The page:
Ubuntu saves Munich millions -- should all governments switch to Linux?

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Trust in government is not exactly at an all-time high. Sure, there are oppressive governments such as Iran and China that filter and block web content, but even the USA has a spotty record. With all the news of PRISM and other spying programs, it is hard to tell which way is up anymore.

One way to solve this dilemma is through transparency and honesty. Unfortunately, as long as governments use closed-source software, it is hard to audit and trust the actions. Today, Canonical announces that not only has Munich taken an open approach to computing with Ubuntu, but the city is saving millions of euros too. Using open-source software and saving money? Hell, maybe all governments should make the switch to Linux.

The city had the following needs:

  • Wide range of applications
  • Interoperability with other platforms
  • Regularly updated hardware support
  • Low management overhead
  • Freedom from vendor lock-in

"The project saw Debian deployed in 2006. But a more predictable update cycle was required and, with a policy of tendering for new hardware suppliers every four years, the promise of ongoing support for a wider range of devices. So, in 2009, the city switched to Ubuntu. With the need to sustain political backing throughout the process, blogs and newsletters were used to keep stakeholders up-to-date, while explaining the change in platform to users and support staff. Forums were set up to enable stakeholders to voice their concerns and ask questions. Processes were established to manage user requirements, develop new LiMux releases and test them before roll-out to user workstations", says Canonical.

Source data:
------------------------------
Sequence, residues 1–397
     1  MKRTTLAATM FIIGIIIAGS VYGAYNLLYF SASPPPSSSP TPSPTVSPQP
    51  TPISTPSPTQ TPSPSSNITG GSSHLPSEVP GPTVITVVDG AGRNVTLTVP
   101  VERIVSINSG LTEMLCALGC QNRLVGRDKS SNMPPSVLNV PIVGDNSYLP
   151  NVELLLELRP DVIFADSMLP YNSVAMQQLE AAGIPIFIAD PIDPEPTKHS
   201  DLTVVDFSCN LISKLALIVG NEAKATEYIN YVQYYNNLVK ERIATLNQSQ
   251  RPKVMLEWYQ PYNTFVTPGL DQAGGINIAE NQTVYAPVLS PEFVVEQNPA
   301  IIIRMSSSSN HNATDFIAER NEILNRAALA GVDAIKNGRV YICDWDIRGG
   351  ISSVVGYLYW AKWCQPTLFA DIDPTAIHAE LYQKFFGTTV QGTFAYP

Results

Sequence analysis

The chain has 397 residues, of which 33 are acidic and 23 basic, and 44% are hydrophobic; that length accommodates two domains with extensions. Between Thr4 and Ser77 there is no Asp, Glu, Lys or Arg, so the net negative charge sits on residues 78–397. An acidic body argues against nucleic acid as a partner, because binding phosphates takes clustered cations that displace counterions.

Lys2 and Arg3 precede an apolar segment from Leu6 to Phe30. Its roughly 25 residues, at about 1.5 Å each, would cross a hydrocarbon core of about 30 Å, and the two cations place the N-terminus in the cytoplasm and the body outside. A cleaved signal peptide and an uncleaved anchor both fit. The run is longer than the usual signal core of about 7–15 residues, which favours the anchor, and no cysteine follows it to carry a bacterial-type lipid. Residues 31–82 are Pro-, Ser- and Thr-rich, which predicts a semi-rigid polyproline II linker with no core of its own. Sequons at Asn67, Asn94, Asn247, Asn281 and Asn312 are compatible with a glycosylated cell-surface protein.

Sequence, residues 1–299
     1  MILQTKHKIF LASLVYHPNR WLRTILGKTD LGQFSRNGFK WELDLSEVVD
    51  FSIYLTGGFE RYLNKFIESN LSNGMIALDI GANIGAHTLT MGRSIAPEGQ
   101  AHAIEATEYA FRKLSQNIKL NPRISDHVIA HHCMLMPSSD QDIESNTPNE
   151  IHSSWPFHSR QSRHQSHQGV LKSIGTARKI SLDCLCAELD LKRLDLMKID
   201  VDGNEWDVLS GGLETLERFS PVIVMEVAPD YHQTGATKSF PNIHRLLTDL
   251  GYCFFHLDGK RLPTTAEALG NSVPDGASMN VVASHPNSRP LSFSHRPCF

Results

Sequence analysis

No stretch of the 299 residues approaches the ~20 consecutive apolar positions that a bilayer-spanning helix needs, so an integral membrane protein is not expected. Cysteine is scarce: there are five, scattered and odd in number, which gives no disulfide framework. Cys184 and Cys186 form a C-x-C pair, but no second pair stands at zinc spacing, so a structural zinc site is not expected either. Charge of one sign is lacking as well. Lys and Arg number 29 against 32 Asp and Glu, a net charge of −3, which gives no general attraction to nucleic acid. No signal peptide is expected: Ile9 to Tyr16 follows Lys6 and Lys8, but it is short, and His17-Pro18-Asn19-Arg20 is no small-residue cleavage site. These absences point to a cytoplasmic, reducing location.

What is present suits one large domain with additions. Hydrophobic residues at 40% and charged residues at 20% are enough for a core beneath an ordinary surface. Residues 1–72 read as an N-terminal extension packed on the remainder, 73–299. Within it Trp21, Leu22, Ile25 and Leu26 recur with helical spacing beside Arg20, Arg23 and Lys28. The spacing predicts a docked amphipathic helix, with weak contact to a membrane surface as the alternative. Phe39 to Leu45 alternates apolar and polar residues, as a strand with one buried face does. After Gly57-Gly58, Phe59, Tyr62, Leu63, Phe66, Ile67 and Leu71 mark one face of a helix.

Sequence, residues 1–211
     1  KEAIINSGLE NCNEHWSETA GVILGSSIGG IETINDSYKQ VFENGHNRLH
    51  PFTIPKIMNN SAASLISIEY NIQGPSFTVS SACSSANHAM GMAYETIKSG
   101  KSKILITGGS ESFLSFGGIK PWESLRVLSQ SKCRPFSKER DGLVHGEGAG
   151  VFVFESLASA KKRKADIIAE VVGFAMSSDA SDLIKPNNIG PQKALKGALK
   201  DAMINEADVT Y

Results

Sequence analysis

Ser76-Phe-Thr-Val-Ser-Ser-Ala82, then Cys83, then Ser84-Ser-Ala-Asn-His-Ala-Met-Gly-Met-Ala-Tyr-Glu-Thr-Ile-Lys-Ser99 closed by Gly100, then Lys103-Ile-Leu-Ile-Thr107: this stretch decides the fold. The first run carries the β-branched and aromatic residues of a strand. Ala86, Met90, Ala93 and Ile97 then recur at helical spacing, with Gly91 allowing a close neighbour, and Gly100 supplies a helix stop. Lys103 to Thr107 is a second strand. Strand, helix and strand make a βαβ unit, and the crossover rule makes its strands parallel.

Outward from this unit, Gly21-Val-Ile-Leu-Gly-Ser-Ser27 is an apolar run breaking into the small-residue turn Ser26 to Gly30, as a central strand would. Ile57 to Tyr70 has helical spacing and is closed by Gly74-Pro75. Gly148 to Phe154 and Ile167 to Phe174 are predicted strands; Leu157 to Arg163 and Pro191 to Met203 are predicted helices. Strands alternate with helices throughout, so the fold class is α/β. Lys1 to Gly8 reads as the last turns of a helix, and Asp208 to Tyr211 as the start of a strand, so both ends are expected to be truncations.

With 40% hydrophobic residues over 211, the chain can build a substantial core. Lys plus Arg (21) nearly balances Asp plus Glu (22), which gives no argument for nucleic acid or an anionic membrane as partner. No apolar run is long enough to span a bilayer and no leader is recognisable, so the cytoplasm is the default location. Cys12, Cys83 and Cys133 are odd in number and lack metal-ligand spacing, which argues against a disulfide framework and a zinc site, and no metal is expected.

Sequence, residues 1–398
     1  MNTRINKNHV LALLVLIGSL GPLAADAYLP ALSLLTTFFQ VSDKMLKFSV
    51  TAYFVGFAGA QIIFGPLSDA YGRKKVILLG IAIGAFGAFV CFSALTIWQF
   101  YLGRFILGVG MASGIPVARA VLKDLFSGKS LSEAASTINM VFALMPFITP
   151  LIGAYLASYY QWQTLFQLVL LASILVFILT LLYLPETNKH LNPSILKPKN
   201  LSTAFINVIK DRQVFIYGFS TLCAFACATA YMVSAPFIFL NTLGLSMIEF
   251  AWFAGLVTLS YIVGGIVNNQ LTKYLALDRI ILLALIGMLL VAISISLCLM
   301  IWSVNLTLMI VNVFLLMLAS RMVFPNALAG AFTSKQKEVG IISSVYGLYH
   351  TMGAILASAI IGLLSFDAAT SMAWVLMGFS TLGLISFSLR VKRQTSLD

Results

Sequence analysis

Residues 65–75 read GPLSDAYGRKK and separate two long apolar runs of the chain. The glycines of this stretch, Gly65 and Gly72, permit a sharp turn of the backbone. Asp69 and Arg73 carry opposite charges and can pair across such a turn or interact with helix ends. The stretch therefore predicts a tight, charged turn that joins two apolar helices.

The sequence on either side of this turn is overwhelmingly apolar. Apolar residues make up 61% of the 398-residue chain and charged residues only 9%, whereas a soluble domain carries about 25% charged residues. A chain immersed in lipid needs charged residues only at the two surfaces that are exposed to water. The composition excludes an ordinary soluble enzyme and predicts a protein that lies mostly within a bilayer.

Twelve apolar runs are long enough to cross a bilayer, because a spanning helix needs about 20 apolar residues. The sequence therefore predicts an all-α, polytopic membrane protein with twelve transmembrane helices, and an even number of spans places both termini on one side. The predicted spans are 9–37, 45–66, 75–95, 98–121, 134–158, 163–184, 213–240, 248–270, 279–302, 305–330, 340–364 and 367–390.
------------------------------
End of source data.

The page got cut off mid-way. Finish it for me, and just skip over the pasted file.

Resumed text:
The company further explains, "the switch from from proprietary software to open source has saved the city more than €10 million -- a figure that accounts for both the hire of external companies to implement solutions and the internal man-hours the city has invested in management, training and testing. By 2012, €6.8 million had been saved on Microsoft licensing alone. By August 2013, the cost of the entire project had reached €23 million, compared with an estimated €34 million just to upgrade to Windows 7 and new versions of Microsoft Office".

Munich deserves much respect for choosing the open-source route. By saving valuable taxpayer money and supporting an open philosophy to computing, it can be seen as double win. Of course, a government can still be secretive while using Linux -- a truly open approach to information will require an entirely new way of thinking. Still, it is a good start.

If Munich can find success and cost-savings with Linux, it begs the question -- should all governments, including the USA, embrace Linux and other open-source solutions? Tell me what you think in the comments.

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